Six years into his leadership, Xi Jinping has blended rigidity in his goals with flexibility and compromise in his tactics. Equally important, Xi has made efforts to broaden his power base, burnishing his image as the leader of the people by moving away from his previously strong ties with "princeling" elites.
Although the human rights situation in China remains dire, it would be a mistake to grow jaded about the prospects for change. Beijing’s increasing heavy-handedness is more a symptom of fear than strength, and the United States can still play an important role in encouraging China down a path toward greater freedoms for its people.
Are Southeast Asian nations being forced to choose between China and the United States on issues like infrastructure, trade, and security? In this episode of the Dollar and Sense podcast, host David Dollar interviews Jonathan Stromseth on this and other key issues facing the region.
On June 14, the John L. Thornton China Center will host Winston Lord, former U.S. ambassador to China, for the launch of his new book, “Kissinger on Kissinger: Reflections on Diplomacy, Grand Strategy, and Leadership.” Lord will share highlights from the project and insights from his many years of working with Henry Kissinger.
State Department official's comments draw rebuke. After Kiron Skinner, the director of the Office of Policy Planning at the State Department, seemed to characterize U.S.-China competition in racial terms earlier this month, Cheng Li told Newsweek that this framing was deeply misguided.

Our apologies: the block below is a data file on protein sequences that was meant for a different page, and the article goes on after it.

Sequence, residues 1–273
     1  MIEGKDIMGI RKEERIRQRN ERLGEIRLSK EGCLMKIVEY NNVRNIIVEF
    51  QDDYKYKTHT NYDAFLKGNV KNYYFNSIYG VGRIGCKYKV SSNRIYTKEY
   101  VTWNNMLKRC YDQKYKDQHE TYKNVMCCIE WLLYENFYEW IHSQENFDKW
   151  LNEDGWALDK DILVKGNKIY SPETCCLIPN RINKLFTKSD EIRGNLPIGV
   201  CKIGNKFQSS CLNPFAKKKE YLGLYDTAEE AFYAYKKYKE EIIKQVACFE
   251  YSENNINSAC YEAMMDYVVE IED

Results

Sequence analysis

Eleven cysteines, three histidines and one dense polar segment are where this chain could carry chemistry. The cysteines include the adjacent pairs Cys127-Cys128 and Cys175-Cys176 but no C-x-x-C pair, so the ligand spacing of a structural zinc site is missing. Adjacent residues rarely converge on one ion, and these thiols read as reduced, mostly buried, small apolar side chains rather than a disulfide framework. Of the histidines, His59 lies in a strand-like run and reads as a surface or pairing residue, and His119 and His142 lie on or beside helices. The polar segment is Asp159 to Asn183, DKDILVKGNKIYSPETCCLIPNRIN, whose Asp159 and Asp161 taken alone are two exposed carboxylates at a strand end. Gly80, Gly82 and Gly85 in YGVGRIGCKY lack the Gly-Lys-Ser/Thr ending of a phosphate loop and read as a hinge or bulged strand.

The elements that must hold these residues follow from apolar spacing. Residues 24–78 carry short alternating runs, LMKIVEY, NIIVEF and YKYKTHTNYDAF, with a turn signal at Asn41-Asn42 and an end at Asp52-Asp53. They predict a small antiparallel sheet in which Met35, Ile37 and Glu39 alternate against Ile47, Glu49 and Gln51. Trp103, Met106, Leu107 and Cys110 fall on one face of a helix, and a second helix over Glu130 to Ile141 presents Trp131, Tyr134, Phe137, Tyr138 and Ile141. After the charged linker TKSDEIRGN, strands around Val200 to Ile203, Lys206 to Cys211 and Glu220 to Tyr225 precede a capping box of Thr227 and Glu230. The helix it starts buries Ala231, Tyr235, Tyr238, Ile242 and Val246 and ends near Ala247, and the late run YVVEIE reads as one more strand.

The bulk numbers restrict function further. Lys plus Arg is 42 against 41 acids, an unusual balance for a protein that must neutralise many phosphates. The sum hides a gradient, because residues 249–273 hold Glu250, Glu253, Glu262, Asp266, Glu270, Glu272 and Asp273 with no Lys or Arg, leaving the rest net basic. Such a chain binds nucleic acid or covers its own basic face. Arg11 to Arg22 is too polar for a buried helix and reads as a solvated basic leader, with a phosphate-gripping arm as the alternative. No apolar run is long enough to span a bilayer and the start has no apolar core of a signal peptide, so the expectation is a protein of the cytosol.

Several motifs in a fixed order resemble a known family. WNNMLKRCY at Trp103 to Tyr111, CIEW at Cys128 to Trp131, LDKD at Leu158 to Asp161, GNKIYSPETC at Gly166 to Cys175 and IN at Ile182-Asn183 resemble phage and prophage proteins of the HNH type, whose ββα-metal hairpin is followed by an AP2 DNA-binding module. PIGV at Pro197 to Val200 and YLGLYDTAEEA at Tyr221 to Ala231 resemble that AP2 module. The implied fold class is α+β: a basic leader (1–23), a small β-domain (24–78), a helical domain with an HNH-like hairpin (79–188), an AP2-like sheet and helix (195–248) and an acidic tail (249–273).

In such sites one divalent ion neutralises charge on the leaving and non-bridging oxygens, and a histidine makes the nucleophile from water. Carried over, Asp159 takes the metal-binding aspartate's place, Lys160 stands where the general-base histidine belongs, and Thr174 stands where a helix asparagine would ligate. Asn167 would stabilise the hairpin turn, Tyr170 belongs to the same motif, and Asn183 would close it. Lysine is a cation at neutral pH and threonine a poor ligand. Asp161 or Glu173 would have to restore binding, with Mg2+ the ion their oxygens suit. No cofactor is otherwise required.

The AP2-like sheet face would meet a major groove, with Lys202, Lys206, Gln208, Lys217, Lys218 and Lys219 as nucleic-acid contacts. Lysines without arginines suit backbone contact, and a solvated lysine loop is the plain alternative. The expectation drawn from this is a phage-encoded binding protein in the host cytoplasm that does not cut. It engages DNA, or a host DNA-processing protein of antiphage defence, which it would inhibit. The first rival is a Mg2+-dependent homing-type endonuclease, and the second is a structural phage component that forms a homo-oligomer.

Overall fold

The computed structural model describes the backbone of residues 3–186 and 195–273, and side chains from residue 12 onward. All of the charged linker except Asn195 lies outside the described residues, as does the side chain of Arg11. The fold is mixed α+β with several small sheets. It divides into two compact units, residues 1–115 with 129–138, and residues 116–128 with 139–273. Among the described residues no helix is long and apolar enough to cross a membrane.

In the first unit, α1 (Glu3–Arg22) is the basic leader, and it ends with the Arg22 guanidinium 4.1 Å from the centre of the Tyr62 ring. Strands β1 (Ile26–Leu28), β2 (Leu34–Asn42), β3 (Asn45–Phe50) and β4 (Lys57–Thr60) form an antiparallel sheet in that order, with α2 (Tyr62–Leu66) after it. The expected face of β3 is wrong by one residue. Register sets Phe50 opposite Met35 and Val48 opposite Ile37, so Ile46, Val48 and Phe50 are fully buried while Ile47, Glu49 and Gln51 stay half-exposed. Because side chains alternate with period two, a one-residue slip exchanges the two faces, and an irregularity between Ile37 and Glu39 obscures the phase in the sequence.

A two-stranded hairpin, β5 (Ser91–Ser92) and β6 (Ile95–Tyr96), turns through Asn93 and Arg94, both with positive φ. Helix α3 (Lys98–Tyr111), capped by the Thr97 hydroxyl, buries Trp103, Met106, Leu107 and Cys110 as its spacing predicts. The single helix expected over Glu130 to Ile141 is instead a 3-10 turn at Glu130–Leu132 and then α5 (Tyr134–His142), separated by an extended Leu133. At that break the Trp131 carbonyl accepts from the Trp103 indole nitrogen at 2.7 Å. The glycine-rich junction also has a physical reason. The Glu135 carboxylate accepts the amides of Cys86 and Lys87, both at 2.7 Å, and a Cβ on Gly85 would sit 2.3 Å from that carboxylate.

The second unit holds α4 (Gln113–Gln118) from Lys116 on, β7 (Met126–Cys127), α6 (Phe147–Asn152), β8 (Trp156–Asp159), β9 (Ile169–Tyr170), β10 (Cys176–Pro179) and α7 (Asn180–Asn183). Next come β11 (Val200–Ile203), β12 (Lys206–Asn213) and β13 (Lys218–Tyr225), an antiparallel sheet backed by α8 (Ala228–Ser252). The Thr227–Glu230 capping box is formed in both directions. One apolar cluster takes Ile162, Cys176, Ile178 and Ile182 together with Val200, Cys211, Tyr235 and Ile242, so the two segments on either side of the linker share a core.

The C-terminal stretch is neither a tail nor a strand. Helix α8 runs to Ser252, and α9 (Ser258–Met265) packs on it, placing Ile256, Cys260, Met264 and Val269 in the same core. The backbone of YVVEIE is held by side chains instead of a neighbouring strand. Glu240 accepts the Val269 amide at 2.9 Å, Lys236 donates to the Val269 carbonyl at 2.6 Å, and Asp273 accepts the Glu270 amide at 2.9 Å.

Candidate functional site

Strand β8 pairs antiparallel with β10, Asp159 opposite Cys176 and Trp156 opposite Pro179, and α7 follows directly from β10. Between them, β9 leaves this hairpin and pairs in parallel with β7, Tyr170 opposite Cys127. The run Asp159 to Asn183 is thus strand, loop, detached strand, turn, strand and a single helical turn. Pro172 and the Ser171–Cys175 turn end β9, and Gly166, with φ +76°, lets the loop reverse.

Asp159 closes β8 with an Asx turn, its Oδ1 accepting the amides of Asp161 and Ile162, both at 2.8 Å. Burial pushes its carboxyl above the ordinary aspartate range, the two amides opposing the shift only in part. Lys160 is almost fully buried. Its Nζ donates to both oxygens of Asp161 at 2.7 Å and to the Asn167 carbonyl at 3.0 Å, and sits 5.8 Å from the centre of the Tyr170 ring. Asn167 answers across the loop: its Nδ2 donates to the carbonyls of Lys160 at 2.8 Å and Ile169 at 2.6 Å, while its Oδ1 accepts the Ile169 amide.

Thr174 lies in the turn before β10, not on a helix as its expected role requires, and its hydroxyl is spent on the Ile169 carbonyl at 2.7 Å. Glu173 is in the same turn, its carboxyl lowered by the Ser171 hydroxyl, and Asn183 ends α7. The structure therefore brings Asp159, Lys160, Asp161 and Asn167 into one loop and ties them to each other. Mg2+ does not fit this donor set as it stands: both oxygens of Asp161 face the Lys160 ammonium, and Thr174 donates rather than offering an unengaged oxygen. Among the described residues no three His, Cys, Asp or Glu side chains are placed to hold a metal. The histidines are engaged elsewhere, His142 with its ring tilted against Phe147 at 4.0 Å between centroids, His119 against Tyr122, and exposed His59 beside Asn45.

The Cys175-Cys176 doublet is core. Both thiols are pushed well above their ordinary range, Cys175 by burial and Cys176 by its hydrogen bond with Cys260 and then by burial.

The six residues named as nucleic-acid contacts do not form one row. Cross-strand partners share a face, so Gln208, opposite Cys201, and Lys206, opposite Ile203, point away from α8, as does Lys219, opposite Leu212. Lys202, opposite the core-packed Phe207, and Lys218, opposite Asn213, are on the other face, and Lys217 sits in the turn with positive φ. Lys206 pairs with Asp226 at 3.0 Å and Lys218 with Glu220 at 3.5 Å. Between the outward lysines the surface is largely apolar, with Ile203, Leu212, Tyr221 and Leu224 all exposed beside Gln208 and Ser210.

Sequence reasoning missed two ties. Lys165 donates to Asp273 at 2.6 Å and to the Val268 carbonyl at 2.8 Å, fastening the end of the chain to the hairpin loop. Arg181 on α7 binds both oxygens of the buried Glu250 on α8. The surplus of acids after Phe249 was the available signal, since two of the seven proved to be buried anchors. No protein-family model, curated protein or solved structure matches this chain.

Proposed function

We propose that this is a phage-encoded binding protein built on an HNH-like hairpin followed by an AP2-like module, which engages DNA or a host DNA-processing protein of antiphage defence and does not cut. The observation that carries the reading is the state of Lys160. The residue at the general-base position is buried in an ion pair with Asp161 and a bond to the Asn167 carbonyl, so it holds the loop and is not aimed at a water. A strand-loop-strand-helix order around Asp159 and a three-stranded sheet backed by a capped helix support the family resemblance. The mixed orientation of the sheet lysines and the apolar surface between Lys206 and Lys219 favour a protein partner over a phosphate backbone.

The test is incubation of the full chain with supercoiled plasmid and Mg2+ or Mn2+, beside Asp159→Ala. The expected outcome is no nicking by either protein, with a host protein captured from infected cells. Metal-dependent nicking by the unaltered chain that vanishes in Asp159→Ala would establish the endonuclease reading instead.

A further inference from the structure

U.S. and China digging in heels over trade war. Efforts to reach a U.S.-China trade deal hit an impasse in early May, with the United States and China now appearing to gird themselves for a prolonged standoff. "We find ourselves stuck in this dilemma where both sides think they have leverage over the other, and neither appears willing to make the compromises necessary to reach a deal," Ryan Hass told PBS NewsHour. David Dollar echoed this view in an interview with the Associated Press: "I increasingly think that this is going to turn into a long-term trade conflict. We have to entertain the possibility that there is no deal."
Chinese reversals on trade signal domestic concerns? Part of the difficulty in resolving the trade dispute seems to be finding a way for both sides to resolve their disagreements without appearing timid before their respective publics. In an interview with the Wall Street Journal, Cheng Li explained that the latest developments in U.S.-China trade talks were a window into the psyche of China's political leaders.
About The China Center
The John L. Thornton China Center develops timely, independent analysis and policy recommendations to help U.S. and Chinese leaders address key long-term challenges, both in terms of U.S.-China relations and China's internal development.